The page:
I use Keybase. I like it, the thing to keep in mind though is 99.9% of the time the biggest threat vector to your company is going to be preventing your employees from sexually harassing each other, not preventing the Russians or whoever from reading your internal messages.


99.9% of the time the biggest threat vector to your company is going to be preventing your employees from sexually harassing each other, not preventing the Russians or whoever from reading your internal messages.

Yes, but:

1. We always have to combine the likelihood and incidence rate of threats with the magnitude of damage. I do not personally subscribe to this thinking, but some bloodless financial types will suggest that you can compensate harassment victims, but a major security incident could cost you the entire company.

2. Insert animated gif of a little girl asking, "Why not both?" Companies can and must address threats like sexual harassment AND exfiltration of sensitive data.


Keybase has a Teams feature so it's built more towards your use-case. I use it to trade Stellar (XLM), file storage/management, and sharing/proving all of my platform identities. I haven't had a chance to get too social on it yet so I can't comment on the chatting experience, but overall it's a neat platform. It also has a command-line interface.

If you end up signing-up, follow me @ https://keybase.io/jbales


I’ve been running my 100% remote team on it the last few months, it works very well for us. Never been a fan of Slack, and never use any bots, so just comms.


I use keybase and promote it around the office, but I've had trouble getting people to join me. Maybe if it had an edgy dark mode...


The post says "If the attackers inject server code, 2FA or U2F or any Web-based security practice does little." Understandably if the attacker was actively scraping passwords with 2FAs and was using the credentials immediately, that would be an issue.

However, for the issue mentioned in the post, wouldn't 2FA have saved him? Supposedly, the compromised credential is from 2015.


U2F saves you, most of the other options potentially make it worse.

If the bad guys are dumb and just were there to passively steal passwords then almost anything works. But if the bad guys are paying attention and stealing authentication secrets then it breaks down like this:

Passwords: Stolen if used while bad guys could watch

TOTP/MOTP/ similar software one time codes: Seed gets stolen by bad guys, they can generate the same codes as you now.

SecurID/ similar key fob type one time codes: Seed gets stolen by bad guys, they can generate the same codes as you now.

SMS: Now bad guys know your phone number. In a targeted attack they will "jack" the number and cause even more havoc, but you might be safe against script kiddies

U2F (or WebAuthn): The server doesn't know any secrets. It knows a cookie (meaningless gibberish except to one FIDO device) and a public key (public). Stealing these is futile and cannot be used to impersonate the user.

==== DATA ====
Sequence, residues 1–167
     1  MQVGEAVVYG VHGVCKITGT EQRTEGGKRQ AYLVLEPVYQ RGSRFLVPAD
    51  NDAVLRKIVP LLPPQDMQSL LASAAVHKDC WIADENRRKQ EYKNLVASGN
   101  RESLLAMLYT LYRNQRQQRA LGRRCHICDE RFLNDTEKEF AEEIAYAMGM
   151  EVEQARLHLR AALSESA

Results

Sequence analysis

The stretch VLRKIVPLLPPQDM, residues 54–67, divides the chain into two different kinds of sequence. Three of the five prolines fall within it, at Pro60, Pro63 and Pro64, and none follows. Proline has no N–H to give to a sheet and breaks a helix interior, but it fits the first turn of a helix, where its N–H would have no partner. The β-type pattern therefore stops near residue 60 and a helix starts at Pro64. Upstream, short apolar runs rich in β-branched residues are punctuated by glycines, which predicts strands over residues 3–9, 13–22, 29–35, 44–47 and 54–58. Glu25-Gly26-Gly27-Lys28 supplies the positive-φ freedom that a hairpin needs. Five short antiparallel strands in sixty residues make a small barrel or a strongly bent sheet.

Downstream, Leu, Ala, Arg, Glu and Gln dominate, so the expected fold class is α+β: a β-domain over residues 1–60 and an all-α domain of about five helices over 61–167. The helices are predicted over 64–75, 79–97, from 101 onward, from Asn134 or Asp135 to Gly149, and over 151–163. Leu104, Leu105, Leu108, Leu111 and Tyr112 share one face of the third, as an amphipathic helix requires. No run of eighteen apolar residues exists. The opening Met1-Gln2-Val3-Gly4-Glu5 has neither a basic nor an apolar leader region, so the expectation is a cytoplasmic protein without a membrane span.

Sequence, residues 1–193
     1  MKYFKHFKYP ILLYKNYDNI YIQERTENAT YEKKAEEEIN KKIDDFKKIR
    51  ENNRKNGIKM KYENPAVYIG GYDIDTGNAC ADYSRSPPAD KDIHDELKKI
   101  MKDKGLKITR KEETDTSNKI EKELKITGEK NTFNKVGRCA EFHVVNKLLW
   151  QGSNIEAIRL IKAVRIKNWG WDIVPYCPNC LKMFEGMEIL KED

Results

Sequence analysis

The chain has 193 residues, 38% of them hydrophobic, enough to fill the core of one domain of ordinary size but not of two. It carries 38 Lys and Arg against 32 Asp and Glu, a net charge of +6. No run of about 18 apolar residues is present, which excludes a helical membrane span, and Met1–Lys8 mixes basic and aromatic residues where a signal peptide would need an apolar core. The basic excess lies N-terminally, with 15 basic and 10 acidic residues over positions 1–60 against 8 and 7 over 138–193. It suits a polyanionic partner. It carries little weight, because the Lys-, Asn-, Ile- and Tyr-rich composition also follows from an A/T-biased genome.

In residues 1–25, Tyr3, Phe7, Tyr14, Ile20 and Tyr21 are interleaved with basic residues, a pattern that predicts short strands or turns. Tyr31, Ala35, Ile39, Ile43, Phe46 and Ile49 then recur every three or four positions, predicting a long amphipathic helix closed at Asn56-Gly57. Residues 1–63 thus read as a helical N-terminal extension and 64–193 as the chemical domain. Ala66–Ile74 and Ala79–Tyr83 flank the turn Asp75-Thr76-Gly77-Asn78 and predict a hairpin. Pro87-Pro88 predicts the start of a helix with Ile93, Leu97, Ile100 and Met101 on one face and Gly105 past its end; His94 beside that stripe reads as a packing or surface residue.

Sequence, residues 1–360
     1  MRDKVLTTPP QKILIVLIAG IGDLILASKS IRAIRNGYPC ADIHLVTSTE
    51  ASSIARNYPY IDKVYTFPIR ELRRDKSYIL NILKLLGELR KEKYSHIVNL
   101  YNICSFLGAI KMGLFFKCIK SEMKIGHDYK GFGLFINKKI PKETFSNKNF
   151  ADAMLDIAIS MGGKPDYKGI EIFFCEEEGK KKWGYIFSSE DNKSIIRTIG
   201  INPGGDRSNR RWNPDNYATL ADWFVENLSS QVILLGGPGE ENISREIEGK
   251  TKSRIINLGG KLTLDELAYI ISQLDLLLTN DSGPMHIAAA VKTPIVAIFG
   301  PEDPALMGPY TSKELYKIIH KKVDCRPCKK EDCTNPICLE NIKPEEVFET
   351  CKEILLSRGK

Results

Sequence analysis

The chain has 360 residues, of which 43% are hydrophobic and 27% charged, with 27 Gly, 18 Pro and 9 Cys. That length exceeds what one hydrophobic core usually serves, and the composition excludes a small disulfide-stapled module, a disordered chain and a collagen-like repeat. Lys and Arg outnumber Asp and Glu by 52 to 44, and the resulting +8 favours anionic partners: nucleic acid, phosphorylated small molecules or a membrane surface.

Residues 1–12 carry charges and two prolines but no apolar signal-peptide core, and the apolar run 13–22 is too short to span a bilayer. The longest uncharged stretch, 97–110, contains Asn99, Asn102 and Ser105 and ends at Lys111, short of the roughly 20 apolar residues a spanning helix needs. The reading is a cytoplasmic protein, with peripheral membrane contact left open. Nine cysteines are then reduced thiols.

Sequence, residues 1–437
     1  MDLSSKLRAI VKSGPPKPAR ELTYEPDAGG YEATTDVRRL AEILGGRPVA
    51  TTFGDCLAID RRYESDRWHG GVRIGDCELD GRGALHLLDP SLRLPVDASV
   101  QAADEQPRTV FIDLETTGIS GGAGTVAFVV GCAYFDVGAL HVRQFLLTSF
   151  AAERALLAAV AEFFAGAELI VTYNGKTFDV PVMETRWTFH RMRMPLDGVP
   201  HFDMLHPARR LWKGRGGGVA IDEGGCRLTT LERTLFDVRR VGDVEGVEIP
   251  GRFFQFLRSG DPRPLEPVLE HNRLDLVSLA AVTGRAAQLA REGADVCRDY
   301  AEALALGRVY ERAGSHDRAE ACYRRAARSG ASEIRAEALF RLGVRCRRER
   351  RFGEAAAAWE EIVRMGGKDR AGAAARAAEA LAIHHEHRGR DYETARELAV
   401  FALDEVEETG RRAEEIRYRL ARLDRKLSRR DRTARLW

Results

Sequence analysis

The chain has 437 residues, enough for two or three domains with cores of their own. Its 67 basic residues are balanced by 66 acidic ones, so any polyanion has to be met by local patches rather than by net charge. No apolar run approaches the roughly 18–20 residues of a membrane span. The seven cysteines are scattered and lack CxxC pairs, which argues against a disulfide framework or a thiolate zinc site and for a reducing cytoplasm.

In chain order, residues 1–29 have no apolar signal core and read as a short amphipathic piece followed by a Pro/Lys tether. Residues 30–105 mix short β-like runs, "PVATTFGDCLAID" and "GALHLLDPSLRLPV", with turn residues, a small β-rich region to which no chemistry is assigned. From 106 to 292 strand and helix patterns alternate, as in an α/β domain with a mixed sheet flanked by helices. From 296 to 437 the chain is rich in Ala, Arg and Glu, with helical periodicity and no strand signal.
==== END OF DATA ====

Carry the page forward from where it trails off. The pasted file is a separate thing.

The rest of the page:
TOTP and SecurID surprise people because they forget that although the credential transmitted is just a one-time code, the _server_ (which bad guys broke into here) needs to know the same seed as the user does to get the same codes.


Not only does Keybase not automatically update its client, there is no way to even figure out if your client is out of date and in need of security updates. Even if you look up the exact version of your installed client, which you can find, there is nothing on the website that says what the most recent version is. The only way to even get a hint is to look on GitHub, and even that isn't accurate; version 4.2.1 is the latest release, but when I download the mac app it's still version 4.2.0.

For whatever problems Slack has, at least I know if there is a new version that I need to install.


Keybase developer here. Keybase does automatically update on Mac, and you can check if you're out of date on the CLI with `keybase update check`. Additionally, the "widget" popup from the system tray will display an out of date banner automatically.

4.2.1 was a bugfix release that only affected Linux and BSD, so we didn't push out Mac or Windows releases for it.


> Keybase developer here. Keybase does automatically update on Mac

Interesting, is this relatively recent? It didn't update for me, but I hadn't opened it in at least six months.

Also, that CLI command should probably be wrapped in a "Check for update" menu option.


You know what's better than installing slack? Not installing it and using it in the browser.

If there's a website option for any tool, I recommend using that over native. It's usually more performant and is less of a security risk. And it's always up to date.


> You know what's better than installing slack? Not installing it and using it in the browser.

What's sometimes even better than that, is not using Slack at all.


> It's usually more performant and is less of a security risk.

Source, particularly for the "less of a security risk"? (It might well be now, I'm not an expert, but a few years ago I'd have thought "no way").